Tax Time Scams & Tips

Written by Theresa Rose on January 2, 2015

Tax-related scams occur all the time, but consumers are at a higher risk during tax season.

Don’t Respond to “Urgent” Calls Supposedly from IRS
This scam has recently generated large volumes of complaints throughout Iowa and the nation. In this scam, an IRS impersonator calls and demands immediate payment for what the caller claims is a tax debt or penalty. The caller threatens the recipient with an ominous-sounding court action or even imminent arrest if the recipient doesn’t pay immediately. The caller urges the recipient to use a credit card, debit card or pre-paid debit card, such as a Green Dot card. The caller likely will “spoof” the number that appears on the recipient’s caller-ID display, meaning the caller can mask the true number and falsely display another number—including an actual IRS number.

The Same Goes for “Urgent” Emails
These emails appear to be official IRS emails, which may claim that the recipient must update IRS records or must act to collect a tax refund. When the user clicks on the link provided in the email, the link may take the email recipient to an IRS look-alike “phishing” site operated by criminals, which tricks users into entering personal information.

Legitimate IRS Notices
The IRS does not call or email people about unpaid taxes or penalties without first sending official notices through the U.S. Mail. When the IRS does send notices, it does not demand immediate payment and does not seek payment (such as pre-paid debit cards) over the phone.

Responding to IRS Scams & Reporting Them
• If you receive a threatening call from someone who claims they’re with the IRS, hang up. If you receive an email, don’t click on any links. Delete the email or report it (see contact information below).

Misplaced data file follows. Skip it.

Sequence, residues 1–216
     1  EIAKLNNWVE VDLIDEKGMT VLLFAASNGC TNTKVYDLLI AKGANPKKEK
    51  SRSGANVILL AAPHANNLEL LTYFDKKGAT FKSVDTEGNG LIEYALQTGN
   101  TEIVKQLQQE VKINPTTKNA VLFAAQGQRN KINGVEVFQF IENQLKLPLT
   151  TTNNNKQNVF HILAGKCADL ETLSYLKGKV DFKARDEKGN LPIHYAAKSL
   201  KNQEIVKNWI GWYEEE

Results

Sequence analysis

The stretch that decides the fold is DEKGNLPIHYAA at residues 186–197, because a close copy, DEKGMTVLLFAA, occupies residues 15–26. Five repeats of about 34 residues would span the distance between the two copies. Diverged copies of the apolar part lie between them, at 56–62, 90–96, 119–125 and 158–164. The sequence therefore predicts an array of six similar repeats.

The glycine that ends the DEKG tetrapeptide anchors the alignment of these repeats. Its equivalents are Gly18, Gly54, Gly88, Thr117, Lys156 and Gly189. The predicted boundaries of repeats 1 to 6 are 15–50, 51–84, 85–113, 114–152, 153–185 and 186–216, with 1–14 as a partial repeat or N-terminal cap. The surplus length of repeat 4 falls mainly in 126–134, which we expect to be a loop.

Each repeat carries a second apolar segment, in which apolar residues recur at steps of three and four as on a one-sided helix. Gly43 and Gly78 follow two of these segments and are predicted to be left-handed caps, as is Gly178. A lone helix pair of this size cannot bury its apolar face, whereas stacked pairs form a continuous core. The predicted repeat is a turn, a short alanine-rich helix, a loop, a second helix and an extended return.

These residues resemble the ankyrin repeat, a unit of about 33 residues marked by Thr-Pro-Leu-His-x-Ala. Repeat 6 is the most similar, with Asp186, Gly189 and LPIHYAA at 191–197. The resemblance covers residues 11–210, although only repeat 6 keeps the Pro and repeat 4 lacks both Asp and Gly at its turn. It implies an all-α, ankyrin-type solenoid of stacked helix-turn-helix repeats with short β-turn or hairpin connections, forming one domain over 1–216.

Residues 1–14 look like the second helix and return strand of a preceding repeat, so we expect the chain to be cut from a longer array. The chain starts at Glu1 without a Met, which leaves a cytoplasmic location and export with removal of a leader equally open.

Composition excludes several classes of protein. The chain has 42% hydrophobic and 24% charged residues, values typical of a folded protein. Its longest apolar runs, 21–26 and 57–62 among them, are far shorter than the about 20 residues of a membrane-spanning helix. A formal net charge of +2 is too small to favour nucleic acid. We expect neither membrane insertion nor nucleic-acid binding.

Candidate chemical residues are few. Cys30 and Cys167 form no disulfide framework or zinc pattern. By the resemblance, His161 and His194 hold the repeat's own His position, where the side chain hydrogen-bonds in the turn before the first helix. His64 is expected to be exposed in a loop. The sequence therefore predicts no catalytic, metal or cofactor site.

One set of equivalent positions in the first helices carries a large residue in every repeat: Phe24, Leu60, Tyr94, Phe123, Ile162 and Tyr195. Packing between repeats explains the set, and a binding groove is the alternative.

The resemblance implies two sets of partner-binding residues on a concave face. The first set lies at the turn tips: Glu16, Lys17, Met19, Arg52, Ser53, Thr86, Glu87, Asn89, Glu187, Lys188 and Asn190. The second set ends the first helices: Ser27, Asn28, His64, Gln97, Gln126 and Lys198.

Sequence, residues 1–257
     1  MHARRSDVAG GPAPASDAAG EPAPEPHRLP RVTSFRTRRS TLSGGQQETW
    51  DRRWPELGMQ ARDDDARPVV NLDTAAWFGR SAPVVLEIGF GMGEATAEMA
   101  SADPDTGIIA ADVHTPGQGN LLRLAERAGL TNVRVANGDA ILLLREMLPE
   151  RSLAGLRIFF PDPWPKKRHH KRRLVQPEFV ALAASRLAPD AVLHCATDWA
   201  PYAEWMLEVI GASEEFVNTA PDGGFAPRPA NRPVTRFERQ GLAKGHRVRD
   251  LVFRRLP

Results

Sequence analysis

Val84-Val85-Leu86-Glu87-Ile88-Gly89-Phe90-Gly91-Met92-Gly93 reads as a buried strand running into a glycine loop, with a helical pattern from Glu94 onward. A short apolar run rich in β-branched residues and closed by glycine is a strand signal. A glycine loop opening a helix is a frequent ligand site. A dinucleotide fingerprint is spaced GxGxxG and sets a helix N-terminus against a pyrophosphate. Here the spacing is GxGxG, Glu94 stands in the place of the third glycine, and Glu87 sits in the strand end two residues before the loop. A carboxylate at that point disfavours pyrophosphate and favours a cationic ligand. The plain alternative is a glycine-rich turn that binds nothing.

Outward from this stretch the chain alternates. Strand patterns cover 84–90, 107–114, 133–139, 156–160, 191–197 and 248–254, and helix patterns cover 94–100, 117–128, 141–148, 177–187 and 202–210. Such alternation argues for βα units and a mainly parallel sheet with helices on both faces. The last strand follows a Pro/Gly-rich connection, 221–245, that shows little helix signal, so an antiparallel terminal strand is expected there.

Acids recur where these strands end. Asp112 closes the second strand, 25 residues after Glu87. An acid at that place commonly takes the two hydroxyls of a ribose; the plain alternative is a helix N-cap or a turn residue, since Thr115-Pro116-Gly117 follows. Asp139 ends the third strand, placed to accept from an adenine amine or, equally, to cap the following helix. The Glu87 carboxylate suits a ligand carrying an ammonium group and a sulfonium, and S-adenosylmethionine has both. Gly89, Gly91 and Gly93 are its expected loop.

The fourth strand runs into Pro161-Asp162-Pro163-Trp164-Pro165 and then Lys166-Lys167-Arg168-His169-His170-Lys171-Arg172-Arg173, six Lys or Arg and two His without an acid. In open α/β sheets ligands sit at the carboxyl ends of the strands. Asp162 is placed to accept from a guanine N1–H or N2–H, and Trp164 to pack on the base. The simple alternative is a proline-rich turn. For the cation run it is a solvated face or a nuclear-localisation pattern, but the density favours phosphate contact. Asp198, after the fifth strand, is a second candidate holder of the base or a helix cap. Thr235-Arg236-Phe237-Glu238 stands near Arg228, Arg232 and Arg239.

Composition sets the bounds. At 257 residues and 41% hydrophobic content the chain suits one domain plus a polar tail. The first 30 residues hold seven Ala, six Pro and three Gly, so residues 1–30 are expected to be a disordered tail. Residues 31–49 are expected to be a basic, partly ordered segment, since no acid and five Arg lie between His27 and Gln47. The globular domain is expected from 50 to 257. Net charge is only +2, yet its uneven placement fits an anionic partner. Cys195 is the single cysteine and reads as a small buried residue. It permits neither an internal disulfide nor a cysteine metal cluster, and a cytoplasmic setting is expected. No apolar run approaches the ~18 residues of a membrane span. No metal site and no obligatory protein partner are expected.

• To verify whether you owe federal taxes or penalties should contact the IRS directly. The IRS telephone assistance number is 1-800-829-1040.
• If you lost money through an IRS impersonation scam, report it to local law enforcement.
• If you were not scammed but wish to report being contacted by an IRS impersonator, contact the U.S. Treasury Inspector General for Taxpayer Administration (TIGTA): www.treasury.gov/tigta or call 1-800-366-4484.
• If you were not scammed but wish to report an IRS scam contact, report it to the U.S. Federal Trade Commission (FTC) through the FTC Complaint Assistant at www.ftccomplaintassistant.gov.

Bogus Tax Relief Claims
Some companies claim that they have special methods that enable them to “wipe away” tax debts or settle them for “pennies on the dollar.” These companies likely charge significant up-front fees. Unfortunately, there’s a good chance they will deliver poor or even no results. And only the IRS can address tax debts and administer tax relief programs.

If you owe money to the IRS, contact the IRS first. You may qualify for certain tax relief programs that may include payment installment options, tax debt settlements or, in very limited circumstances, penalty or interest abatement. An independent organization within the IRS, called the Taxpayer Advocate Service, may be able to help. For more information, go to www.irs.gov/advocate or call (toll-free) 1-877-777-4778.

Professional Tax Preparers
When seeking help from a professional tax preparer, remember that you are ultimately responsible for the accuracy of your own tax returns. Anyone who charges to prepare or assist in preparing federal tax returns must have a valid IRS Preparer Tax Identification Number (PTIN). Is the tax preparer a certified public accountant? It’s not required, but it might make sense if your return is more complicated. Check with the Better Business Bureau for complaints against the tax preparer. Be sure you know the exact fee for a preparer’s services and insist on a date by which your return will be filed with the IRS. Confirm the basis for all tax deductions the tax preparer claims on their returns. And make sure the business is open year-round in the event you have follow-up questions about your tax return.